There are a lot of good comics out there. Sure, there are quite a few bad comics, and a ton of mediocre ones, but the really great ones are few and far between. Those are the comics that don’t just break the rules, they shatter them into a million unidentifiable pieces. They shove convention and tradition out the window and do whatever the hell they want. The graphics are more art than illustration, and the text more literature than natter. The great ones push the boundaries of what is acceptable, what is deviant, what is perverted, and what is awe-inspiring. They force the reader to really think about their world, and revel in the thrill of the reader forging a personal connection to the characters or material. They take the medium and elevate it to such great heights that the very concept of “high quality” is redefined.

And then there’s Saga.

[“Life is mostly just learning how to lose.”]

Fri
Dec 12 2014 5:05pm

Even If You Look Closely, You Still Won’t Believe This is a Silver Surfer Costume

Silver Surfer makeup drawing cosplay

That’s a pretty great drawing of the Silver Surfer, right? Wrong. That is, it’s a fantastic work of art, but it’s not an illustration. That’s a real person you're looking at, thanks to Hollywood makeup effects artist Cris Alex. Having worked on X-Men: Days of Future Past, Alex is no stranger to superheroes, and challenged herself to recreate a specific Silver Surfer comic book cover. Her final result is definitely a step up from those pop art Halloween costumes.

[Take a closer look]

Wed
Dec 10 2014 12:00pm

We Need a Kink in Our Stories: BDSM Characters in Your Favorite Genre Fiction

Farscape, Scorpius, John Crichton

Look at a beloved genre TV show, movie, or comic book. Is there simmering sexual tension marked by shifting power and the exchange of control? Do the characters strut around in leather corsets and wield whips? Does someone get tied up? You’re looking at BDSM (variously standing for bondage and discipline, dominance and submission, sadism and masochism) at play. Which really doesn’t come as a surprise, because geeks are kinky as all get out.

Older, more conservative narratives would have us believe that people who engage in BDSM are somehow wrong or depraved. But the sheer presence of kinky characters across so many stories—whether hiding in children’s shows as jokes for the parents, or in the case of Farscape’s Scorpius, hiding in plain sight—simply proves how universal the notion of power exchange is.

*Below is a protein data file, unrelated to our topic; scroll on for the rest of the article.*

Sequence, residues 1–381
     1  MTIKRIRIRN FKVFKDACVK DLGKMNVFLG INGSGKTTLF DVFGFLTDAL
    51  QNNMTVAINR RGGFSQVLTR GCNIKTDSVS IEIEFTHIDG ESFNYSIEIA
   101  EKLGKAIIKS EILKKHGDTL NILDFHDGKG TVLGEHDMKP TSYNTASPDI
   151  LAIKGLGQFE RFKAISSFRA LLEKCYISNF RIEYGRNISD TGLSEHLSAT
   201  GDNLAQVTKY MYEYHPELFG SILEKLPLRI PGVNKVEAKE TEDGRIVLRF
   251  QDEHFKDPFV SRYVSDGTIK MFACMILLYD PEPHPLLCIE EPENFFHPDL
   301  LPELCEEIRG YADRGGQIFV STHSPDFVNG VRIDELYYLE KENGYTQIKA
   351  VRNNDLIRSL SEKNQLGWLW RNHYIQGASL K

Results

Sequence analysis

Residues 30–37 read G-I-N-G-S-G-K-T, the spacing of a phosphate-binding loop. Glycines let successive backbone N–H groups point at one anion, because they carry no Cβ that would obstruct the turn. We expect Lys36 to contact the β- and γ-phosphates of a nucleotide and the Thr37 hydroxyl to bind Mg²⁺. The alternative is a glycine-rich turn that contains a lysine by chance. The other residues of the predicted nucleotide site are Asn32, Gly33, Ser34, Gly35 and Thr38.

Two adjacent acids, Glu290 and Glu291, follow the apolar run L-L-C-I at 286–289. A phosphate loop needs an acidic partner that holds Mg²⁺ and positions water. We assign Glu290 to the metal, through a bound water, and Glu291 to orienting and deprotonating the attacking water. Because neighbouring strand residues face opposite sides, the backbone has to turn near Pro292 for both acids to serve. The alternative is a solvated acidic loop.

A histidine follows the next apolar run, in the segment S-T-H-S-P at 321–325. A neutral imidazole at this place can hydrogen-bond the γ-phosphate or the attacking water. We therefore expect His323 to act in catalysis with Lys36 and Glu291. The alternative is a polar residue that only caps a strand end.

Remember your safe words, ’cause it’s time to meet our favorite fictional kinksters!

[Read more]

Mon
Dec 1 2014 3:00pm

Pull List: Batgirl and Thor

DC’s New 52 reboot in 2011 was much needed, somewhat successful, and totally controversial. Women creators dropped from 12% to a depressing 1% (as of August 2014, that number is under 10% between the Big Two). Catwoman, Starfire, Voodoo, and Harley Quinn were way oversexualized. And then there was Batgirl. Barbara Gordon was thankfully spared the worst aspects of the New 52, by which I mean she wasn’t tarted up in a black and yellow bikini with Liefeld-esque accent pouches. Three years later, a new writer and artist have taken over the title and breathed new life into Batgirl.

A week before Batgirl dropped, Marvel launched their newest series aimed at young women: Thor. Yes, in the 2014 Marvel comics universe, Captain Marvel is a woman, Ms. Marvel is Pakistani-American, Captain America and Ultimate Spider-Man are Black, and Thor is a woman (with really unfortunate boob-plate armor). Quite a few characters have taken over the mantle of Thor over the years, but this time it’s for real. For now, anyway.

So, we have two old titles with two new personalities. How do they stack up? And, more importantly, should you buy? Oh, hell yes.

[“Quick, say something badass.”]

Mon
Jun 23 2014 9:26am
Original Comic

The Imitation Game

Jim Ottaviani and Leland Purvis

The Imitation Game by Jim Ottaviani and Leland Purvis

Today, Alan Turing is considered the father of theoretical computer science and artificial intelligence. The mathematician, born on June 23, 1912, was a brilliant World War II codebreaker and parlayed that insight into theorizing and creating the first stored-memory computers. Unfortunately, this Officer of the British Empire was persecuted by the British government of the time for his homosexuality and suffered through chemical castration before ending his life.

The Imitation Game by Feynman author Jim Ottaviani and Resistance illustrator Leland Purvis chronicles the life of Turing in a full-size graphic novel. Check back every day this week as Tor.com releases the entire graphic novel in four parts.